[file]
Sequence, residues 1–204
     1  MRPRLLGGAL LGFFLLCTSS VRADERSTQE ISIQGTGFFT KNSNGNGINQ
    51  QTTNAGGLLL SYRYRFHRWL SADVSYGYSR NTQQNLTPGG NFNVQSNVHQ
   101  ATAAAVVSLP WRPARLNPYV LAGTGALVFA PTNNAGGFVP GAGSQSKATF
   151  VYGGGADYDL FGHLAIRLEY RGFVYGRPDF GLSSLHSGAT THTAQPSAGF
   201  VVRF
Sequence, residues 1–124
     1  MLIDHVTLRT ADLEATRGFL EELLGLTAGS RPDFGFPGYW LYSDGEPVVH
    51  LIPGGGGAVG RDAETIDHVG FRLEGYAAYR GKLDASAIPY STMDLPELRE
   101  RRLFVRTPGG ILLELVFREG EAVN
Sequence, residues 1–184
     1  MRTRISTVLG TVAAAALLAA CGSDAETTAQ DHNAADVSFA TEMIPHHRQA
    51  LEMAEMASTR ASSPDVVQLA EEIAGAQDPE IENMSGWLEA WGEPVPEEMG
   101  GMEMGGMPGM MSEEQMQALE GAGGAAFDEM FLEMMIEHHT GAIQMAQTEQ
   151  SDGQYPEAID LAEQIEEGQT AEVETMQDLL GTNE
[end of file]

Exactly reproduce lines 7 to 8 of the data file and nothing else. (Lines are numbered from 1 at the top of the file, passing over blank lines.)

Sequence, residues 1–124
     1  MLIDHVTLRT ADLEATRGFL EELLGLTAGS RPDFGFPGYW LYSDGEPVVH